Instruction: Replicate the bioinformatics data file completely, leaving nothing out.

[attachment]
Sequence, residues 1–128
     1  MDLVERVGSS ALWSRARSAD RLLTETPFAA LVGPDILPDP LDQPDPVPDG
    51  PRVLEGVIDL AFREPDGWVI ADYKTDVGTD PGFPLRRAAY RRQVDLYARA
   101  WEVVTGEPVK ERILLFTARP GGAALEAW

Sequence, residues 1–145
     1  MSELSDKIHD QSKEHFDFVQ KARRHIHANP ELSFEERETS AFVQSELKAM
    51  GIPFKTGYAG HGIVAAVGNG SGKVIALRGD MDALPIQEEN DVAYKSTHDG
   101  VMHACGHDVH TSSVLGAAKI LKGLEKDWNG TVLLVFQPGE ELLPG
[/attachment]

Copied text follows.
Sequence, residues 1–128
     1  MDLVERVGSS ALWSRARSAD RLLTETPFAA LVGPDILPDP LDQPDPVPDG
    51  PRVLEGVIDL AFREPDGWVI ADYKTDVGTD PGFPLRRAAY RRQVDLYARA
   101  WEVVTGEPVK ERILLFTARP GGAALEAW

Sequence, residues 1–145
     1  MSELSDKIHD QSKEHFDFVQ KARRHIHANP ELSFEERETS AFVQSELKAM
    51  GIPFKTGYAG HGIVAAVGNG SGKVIALRGD MDALPIQEEN DVAYKSTHDG
   101  VMHACGHDVH TSSVLGAAKI LKGLEKDWNG TVLLVFQPGE ELLPG